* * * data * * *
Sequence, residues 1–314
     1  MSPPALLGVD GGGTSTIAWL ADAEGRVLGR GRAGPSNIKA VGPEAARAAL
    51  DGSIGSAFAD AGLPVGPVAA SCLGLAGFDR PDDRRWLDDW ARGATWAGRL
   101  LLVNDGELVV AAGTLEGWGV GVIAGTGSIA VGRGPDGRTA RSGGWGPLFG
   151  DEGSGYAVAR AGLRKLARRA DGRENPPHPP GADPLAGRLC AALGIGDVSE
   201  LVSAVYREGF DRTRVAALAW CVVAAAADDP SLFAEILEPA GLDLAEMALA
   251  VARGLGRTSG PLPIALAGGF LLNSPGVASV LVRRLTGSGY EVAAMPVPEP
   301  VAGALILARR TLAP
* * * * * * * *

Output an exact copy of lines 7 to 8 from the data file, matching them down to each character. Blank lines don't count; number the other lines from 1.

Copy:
   251  VARGLGRTSG PLPIALAGGF LLNSPGVASV LVRRLTGSGY EVAAMPVPEP
   301  VAGALILARR TLAP